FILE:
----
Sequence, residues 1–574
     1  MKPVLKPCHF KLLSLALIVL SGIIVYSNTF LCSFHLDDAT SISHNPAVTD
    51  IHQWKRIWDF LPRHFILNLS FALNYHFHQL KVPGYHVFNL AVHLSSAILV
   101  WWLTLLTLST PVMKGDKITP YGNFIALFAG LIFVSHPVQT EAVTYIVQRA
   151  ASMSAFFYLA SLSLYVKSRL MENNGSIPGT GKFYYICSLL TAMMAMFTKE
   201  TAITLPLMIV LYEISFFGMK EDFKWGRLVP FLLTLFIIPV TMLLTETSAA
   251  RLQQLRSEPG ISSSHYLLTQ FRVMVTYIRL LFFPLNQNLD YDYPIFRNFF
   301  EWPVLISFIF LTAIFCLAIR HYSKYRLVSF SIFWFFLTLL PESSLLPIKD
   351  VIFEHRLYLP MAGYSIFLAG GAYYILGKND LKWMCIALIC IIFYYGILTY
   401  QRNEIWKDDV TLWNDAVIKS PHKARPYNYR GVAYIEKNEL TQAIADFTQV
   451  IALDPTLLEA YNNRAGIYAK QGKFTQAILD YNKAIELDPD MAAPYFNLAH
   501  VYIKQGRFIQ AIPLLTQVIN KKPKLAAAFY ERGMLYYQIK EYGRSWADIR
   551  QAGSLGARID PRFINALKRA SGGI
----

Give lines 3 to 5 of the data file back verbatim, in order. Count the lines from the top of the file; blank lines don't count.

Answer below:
    51  IHQWKRIWDF LPRHFILNLS FALNYHFHQL KVPGYHVFNL AVHLSSAILV
   101  WWLTLLTLST PVMKGDKITP YGNFIALFAG LIFVSHPVQT EAVTYIVQRA
   151  ASMSAFFYLA SLSLYVKSRL MENNGSIPGT GKFYYICSLL TAMMAMFTKE